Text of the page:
Thus the arms of Italy were either in the hands of the lesser princes, or of men who possessed no state; for the minor princes did not adopt the practice of arms from any desire of glory, but for the acquisition of either property or safety. The others (those who possessed no state) being bred to arms from their infancy, were acquainted with no other art, and pursued war for emolument, or to confer honor upon themselves. The most noticed among the latter were Carmignola, Francesco Sforza, Niccolo Piccinino the pupil of Braccio, Agnolo della Pergola, Lorenzo di Micheletto Attenduli, il Tartaglia, Giacopaccio, Cecolini da Perugia, Niccolo da Tolentino, Guido Torello, Antonia dal Ponte ad Era, and many others. With these, were those lords of whom I have before spoken, to which may be added the barons of Rome, the Colonnesi and the Orsini, with other lords and gentlemen of the kingdoms of Naples and Lombardy, who, being constantly in arms, had such an understanding among themselves, and so contrived to accommodate things to their own convenience, that of those who were at war, most commonly both sides were losers; and they had made the practice of arms so totally ridiculous, that the most ordinary leader, possessed of true valor, would have covered these men with disgrace, whom, with so little prudence, Italy honored.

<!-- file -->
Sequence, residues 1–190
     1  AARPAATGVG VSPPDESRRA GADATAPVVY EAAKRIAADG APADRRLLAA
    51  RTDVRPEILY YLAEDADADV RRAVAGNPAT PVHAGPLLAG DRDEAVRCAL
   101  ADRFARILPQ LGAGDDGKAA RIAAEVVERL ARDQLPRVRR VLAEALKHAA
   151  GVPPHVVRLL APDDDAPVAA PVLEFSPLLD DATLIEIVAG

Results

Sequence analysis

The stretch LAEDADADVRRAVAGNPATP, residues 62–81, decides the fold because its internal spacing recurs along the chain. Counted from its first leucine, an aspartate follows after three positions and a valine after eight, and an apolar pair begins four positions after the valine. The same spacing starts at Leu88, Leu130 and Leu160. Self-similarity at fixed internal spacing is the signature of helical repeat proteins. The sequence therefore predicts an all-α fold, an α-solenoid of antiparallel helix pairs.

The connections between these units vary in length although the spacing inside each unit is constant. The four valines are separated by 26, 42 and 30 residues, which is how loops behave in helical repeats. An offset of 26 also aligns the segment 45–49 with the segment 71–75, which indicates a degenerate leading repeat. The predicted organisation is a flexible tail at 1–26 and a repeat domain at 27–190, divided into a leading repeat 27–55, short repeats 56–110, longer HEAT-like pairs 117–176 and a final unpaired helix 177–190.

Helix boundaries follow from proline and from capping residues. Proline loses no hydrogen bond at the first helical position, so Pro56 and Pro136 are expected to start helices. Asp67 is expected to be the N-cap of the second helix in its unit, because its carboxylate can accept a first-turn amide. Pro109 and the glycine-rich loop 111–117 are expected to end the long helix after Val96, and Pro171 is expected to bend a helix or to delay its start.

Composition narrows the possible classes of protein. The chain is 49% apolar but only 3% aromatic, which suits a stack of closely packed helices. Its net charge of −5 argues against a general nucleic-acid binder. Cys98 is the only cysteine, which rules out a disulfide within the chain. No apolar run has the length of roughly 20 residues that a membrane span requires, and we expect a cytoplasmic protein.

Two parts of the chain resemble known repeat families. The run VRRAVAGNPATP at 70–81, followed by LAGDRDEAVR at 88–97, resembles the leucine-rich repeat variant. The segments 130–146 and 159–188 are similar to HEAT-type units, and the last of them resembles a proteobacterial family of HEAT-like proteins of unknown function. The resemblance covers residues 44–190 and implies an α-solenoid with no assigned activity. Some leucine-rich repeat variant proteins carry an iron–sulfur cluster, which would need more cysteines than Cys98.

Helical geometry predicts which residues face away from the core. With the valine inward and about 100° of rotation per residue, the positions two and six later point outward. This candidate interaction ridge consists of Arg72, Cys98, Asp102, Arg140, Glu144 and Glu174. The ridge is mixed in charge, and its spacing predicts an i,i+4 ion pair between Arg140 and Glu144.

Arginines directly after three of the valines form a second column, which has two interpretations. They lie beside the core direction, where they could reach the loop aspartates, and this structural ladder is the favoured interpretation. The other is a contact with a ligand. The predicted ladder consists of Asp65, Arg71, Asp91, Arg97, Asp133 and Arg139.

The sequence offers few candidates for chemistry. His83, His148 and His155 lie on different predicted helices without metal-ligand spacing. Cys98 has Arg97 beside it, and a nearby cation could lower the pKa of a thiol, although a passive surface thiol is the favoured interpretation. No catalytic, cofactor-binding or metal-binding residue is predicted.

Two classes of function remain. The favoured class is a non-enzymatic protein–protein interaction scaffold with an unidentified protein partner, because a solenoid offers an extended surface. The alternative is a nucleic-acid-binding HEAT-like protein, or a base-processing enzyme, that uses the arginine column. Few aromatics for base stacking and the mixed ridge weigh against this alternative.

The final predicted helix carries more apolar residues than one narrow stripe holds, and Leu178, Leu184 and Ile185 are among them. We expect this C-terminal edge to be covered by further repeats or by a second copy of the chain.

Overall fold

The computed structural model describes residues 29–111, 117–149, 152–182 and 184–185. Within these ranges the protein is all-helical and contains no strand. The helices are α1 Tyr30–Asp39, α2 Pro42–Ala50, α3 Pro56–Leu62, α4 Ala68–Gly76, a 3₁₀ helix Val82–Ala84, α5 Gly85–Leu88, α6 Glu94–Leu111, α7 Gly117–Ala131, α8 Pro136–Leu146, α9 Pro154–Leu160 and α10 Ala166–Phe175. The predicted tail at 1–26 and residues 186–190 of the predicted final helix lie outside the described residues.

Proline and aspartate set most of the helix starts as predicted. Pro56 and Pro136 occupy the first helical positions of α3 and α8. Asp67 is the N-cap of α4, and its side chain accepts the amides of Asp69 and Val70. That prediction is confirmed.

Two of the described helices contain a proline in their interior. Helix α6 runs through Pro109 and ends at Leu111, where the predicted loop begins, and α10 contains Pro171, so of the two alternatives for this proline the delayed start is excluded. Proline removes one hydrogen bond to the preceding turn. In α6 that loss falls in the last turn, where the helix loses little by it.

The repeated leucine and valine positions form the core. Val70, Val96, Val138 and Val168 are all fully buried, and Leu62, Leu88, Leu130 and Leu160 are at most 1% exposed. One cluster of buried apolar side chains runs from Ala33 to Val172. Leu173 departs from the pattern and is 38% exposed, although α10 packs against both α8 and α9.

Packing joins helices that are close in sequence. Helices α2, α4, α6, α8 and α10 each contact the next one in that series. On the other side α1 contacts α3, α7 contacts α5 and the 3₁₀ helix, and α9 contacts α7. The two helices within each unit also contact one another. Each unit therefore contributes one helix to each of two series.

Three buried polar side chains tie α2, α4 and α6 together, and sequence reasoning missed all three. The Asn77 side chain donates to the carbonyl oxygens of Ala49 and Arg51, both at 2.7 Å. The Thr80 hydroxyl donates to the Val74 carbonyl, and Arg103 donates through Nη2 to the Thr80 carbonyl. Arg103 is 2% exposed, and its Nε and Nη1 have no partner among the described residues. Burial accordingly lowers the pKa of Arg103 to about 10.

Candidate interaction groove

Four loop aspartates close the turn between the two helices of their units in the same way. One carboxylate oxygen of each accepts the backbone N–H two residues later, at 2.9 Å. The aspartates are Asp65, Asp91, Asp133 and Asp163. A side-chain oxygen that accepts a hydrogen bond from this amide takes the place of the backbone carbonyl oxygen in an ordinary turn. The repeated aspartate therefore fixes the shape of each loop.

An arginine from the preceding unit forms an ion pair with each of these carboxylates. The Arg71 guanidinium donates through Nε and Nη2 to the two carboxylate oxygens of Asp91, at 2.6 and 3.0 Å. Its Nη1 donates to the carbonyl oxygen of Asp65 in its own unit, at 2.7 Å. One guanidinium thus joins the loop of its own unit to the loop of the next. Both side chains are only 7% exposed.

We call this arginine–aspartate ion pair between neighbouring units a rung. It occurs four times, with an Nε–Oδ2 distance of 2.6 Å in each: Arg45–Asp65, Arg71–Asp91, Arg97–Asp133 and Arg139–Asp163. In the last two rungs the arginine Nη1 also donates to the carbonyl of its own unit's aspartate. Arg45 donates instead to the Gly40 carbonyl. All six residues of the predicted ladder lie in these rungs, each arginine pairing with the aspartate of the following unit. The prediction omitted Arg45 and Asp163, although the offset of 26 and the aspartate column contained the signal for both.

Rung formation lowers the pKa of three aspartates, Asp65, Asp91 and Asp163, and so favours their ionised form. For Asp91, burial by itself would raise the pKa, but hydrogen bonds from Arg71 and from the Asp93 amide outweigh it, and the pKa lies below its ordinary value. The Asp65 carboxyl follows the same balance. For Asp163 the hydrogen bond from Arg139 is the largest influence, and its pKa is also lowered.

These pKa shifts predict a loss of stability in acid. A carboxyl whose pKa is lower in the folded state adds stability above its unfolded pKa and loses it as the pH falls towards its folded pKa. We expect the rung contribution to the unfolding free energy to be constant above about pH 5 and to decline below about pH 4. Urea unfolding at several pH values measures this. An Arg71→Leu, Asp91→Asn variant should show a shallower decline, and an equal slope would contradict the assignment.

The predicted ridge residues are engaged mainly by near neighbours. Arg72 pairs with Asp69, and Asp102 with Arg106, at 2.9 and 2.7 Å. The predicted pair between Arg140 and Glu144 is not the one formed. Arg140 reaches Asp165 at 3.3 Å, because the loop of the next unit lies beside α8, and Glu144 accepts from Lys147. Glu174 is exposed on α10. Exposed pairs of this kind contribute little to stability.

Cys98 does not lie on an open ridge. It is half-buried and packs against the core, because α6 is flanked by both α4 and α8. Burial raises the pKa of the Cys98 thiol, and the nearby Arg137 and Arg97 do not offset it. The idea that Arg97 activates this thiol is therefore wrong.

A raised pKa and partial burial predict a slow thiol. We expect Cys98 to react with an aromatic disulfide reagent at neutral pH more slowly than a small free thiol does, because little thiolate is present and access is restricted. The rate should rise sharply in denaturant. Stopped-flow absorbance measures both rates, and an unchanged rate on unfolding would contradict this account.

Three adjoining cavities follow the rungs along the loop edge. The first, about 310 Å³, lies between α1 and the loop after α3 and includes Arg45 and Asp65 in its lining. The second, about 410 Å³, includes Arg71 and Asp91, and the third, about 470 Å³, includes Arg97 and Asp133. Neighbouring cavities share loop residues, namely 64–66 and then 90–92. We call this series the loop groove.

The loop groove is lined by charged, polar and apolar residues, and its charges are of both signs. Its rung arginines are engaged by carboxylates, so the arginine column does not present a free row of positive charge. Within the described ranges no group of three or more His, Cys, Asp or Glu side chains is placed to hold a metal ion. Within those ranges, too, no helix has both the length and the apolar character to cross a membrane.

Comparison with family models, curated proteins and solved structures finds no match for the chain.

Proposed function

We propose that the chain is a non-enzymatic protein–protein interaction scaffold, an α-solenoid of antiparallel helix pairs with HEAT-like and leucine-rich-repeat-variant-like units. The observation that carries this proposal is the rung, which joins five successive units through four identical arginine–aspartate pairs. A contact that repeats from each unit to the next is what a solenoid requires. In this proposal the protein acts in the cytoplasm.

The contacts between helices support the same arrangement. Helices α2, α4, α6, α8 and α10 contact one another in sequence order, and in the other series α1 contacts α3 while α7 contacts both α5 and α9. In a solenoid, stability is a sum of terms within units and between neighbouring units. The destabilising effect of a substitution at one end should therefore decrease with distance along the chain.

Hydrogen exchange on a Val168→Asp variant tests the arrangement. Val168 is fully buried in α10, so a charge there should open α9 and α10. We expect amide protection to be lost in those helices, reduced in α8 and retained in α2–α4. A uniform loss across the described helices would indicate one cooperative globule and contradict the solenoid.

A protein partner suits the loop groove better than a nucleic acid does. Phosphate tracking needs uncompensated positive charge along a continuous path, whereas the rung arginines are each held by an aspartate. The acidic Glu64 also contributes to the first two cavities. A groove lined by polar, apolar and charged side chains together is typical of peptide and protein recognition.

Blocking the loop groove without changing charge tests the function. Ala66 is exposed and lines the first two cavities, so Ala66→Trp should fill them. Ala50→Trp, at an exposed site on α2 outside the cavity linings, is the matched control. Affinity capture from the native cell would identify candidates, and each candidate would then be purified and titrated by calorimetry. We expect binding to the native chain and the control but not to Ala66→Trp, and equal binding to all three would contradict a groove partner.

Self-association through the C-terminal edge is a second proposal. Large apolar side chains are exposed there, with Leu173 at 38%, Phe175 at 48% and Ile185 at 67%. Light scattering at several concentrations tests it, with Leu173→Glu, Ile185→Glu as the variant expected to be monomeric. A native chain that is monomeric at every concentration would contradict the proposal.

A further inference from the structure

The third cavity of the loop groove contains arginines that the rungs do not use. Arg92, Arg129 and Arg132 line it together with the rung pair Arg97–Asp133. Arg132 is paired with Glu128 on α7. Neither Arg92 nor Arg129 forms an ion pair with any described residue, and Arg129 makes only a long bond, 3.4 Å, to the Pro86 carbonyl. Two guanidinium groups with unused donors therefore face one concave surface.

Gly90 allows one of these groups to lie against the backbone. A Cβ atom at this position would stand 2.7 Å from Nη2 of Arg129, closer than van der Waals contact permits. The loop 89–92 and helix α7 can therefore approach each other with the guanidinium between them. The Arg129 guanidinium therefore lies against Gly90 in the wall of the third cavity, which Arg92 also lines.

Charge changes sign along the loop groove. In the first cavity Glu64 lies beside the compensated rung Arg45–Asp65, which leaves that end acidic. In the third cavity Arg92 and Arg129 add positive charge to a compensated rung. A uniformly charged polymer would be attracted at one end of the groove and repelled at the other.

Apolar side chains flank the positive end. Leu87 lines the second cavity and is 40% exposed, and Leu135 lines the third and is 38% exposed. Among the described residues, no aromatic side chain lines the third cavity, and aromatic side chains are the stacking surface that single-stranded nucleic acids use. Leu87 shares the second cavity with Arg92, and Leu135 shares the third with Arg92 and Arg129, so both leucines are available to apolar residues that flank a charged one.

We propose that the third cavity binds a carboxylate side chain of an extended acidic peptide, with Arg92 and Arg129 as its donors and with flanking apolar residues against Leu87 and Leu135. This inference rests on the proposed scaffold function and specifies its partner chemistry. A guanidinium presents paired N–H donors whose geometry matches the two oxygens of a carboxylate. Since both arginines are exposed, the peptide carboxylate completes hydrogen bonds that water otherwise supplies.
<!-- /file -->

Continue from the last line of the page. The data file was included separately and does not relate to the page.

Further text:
With these idle princes and such contemptible arms, my history must, therefore, be filled; to which, before I descend, it will be necessary, as was at first proposed, to speak of the origin of Florence, that it may be clearly understood what was the state of the city in those times, and by what means, through the labours of a thousand years, she became so imbecile.
The custom of ancient republics to plant colonies, and the advantage of it—Increased population tends to make countries more healthy—Origin of Florence—Aggrandizement of Florence—Origin of the name of Florence—Destruction of Florence by Totila—The Florentines take Fiesole—The first division in Florence, and the cause of it—Buondelmonti—Buondelmonti slain—Guelphs and Ghibellines in Florence—Guelphic families—Ghibelline families—The two factions come to terms.
Among the great and wonderful institutions of the republics and principalities of antiquity that have now gone into disuse, was that by means of which towns and cities were from time to time established; and there is nothing more worthy the attention of a great prince, or of a well-regulated republic, or that confers so many advantages upon a province, as the settlement of new places, where men are drawn together for mutual accommodation and defense. This may easily be done, by sending people to reside in recently acquired or uninhabited countries. Besides causing the establishment of new cities, these removals render a conquered country more secure, and keep the inhabitants